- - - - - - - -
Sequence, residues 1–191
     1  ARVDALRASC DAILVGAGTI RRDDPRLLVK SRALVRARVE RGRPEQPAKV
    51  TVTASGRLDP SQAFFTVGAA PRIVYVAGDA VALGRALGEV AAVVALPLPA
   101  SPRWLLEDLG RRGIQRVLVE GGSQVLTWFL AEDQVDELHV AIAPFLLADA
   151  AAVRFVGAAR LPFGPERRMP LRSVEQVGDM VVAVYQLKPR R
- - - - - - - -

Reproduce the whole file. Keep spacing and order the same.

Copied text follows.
Sequence, residues 1–191
     1  ARVDALRASC DAILVGAGTI RRDDPRLLVK SRALVRARVE RGRPEQPAKV
    51  TVTASGRLDP SQAFFTVGAA PRIVYVAGDA VALGRALGEV AAVVALPLPA
   101  SPRWLLEDLG RRGIQRVLVE GGSQVLTWFL AEDQVDELHV AIAPFLLADA
   151  AAVRFVGAAR LPFGPERRMP LRSVEQVGDM VVAVYQLKPR R